Able Danger Update
Senators Accuse Pentagon of Obstructing Inquiry on Sept. 11 Plot
By DOUGLAS JEHL
September 22, 2005
WASHINGTON, Sept. 21 – Senators from both parties accused the Defense Department on Wednesday of obstructing an investigation into whether a highly classified intelligence program known as Able Danger did indeed identify Mohamed Atta and other future hijackers as potential threats well before the terrorist attacks of Sept. 11, 2001.
The complaints came after the Pentagon blocked several witnesses from testifying before the Senate Judiciary Committee at a public hearing on Wednesday. The only testimony provided by the Defense Department came from a senior official who would say only that he did not know whether the claims were true.
But members of the panel, led by Senator Arlen Specter, Republican of Pennsylvania, said they regarded as credible assertions by current and former officers in the program. The officers have said they were prevented by the Pentagon from sharing information about Mr. Atta and others with the Federal Bureau of Investigation.
A Pentagon spokesman had said the decision to limit testimony was based on concerns about disclosing classified information, but Senator Charles E. Grassley, Republican of Iowa, said he believed the reason was a concern “that they’ll just have egg on their face.”
Senator Joseph R. Biden Jr., Democrat of Delaware, accused the Pentagon of “a cover-up” and said, “I don’t get why people aren’t coming forward and saying, ‘Here’s the deal, here’s what happened.’ “
The Pentagon has acknowledged that at least five members of Able Danger have said they recall a chart produced in 2000 that identified Mr. Atta, who became the lead hijacker in the Sept. 11 plot, as a potential terrorist, but they have said that others with knowledge of the project do not remember that.
“Did we have information that identified Mohamed Atta?” said William Dugan, an assistant to Secretary of Defense Donald H. Rumsfeld for intelligence oversight, restating a question put to him. “I’ve heard the testimony presented, but I don’t know.”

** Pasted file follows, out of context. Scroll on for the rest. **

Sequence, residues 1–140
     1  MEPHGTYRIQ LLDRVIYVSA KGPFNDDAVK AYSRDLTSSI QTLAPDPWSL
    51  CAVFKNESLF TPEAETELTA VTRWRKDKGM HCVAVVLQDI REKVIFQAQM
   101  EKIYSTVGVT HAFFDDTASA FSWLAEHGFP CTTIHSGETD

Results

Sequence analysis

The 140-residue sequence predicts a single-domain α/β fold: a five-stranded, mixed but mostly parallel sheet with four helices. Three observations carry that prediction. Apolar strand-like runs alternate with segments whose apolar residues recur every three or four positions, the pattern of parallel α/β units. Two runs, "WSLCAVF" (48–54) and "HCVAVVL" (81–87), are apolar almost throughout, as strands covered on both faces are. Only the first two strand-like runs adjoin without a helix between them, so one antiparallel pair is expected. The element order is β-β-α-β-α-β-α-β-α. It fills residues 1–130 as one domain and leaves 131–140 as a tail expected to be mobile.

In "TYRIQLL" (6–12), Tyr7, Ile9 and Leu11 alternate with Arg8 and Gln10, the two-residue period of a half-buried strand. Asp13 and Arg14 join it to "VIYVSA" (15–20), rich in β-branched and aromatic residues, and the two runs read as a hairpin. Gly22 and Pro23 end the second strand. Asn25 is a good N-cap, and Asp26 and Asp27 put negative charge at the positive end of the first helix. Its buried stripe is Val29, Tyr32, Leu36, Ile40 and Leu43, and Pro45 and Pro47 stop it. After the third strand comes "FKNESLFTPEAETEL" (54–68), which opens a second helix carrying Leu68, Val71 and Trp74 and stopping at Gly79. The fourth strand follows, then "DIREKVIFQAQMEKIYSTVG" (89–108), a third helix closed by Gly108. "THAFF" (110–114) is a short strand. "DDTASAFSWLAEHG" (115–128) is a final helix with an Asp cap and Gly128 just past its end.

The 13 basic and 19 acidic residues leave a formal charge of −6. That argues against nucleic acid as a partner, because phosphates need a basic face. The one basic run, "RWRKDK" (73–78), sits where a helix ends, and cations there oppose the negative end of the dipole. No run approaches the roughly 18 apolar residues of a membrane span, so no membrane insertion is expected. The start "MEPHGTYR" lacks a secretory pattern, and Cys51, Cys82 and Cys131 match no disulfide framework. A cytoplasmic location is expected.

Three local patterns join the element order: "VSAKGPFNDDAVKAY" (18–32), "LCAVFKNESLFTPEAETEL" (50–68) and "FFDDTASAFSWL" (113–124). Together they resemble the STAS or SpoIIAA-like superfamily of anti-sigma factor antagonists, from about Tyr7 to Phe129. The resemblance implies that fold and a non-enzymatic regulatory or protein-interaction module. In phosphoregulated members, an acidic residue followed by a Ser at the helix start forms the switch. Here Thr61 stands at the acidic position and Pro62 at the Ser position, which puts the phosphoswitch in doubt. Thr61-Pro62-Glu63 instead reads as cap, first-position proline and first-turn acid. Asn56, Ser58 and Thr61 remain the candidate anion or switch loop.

Among those who testified about Able Danger was Representative Curt Weldon, Republican of Pennsylvania, who has mounted an aggressive campaign to call public attention to the program, which used computers to sift through volumes of unclassified data in an effort to identify people with links to Al Qaeda.
Another witness, Mark S. Zaid, a Washington lawyer, testified on behalf of two clients whom the Pentagon barred from speaking at the hearing. The clients, Lt. Col. Anthony Shaffer, an Army Reserve officer, and J. D. Smith, a former contractor on the project, were in the audience.
Erik Kleinsmith, a former Army major who was involved in early stages of Able Danger, told the committee that, by April 2000, the program had collected “an immense amount of data for analysis that allowed us to map Al Qaeda as a worldwide threat with a surprisingly significant presence within the United States.” Mr. Kleinsmith said that his affiliation with the project ended about that time and that he had no recollection of information that identified Mr. Atta.
But Mr. Kleinsmith told the committee that he had been “forced to destroy all the data, charts and other analytical product” in compliance with Army regulations that prohibit keeping data related to American citizens and others, including permanent residents who have legal protections, unless the data falls under one of several restrictive categories.
Weldon: Atta Papers Destroyed on Orders
Congressman Says Pentagon Employee Was Ordered to Destroy Data Identifying Atta As a Terrorist
By DONNA DE
The Associated Press
Sep. 16, 2005 – A Pentagon employee was ordered to destroy documents that identified Mohamed Atta as a terrorist two years before the 2001 attacks, a congressman said Thursday.
The employee is prepared to testify next week before the Senate Judiciary Committee and was expected to identify the person who ordered him to destroy the large volume of documents, said Rep. Curt Weldon, R-Pa.
Weldon declined to identify the employee, citing confidentiality matters. Weldon described the documents as “2.5 terabytes” as much as one-fourth of all the printed materials in the Library of Congress, he added.
A Senate Judiciary Committee aide said the witnesses for Wednesday hearing had not been finalized and could not confirm Weldon’s comments.
Army Maj. Paul Swiergosz, a Pentagon spokesman, said officials have been “fact-finding in earnest for quite some time.”
“We’ve interviewed 80 people involved with Able Danger, combed through hundreds of thousands of documents and millions of e-mails and have still found no documentation of Mohamed Atta,” Swiergosz said.
He added that certain data had to be destroyed in accordance with existing regulations regarding “intelligence data on U.S. persons.”
Weldon has said that Atta, the mastermind of the attacks of Sept. 11, 2001, and three other hijackers were identified in 1999 by a classified military intelligence unit known as “Able Danger,” which determined they could be members of an al-Qaida cell.
On Wednesday, former members of the Sept. 11 commission dismissed the “Able Danger” assertions. One commissioner, ex-Sen. Slade Gorton, R-Wash., said, “Bluntly, it just didn’t happen and that’s the conclusion of all 10 of us.”
Weldon responded angrily to Gorton’s assertions.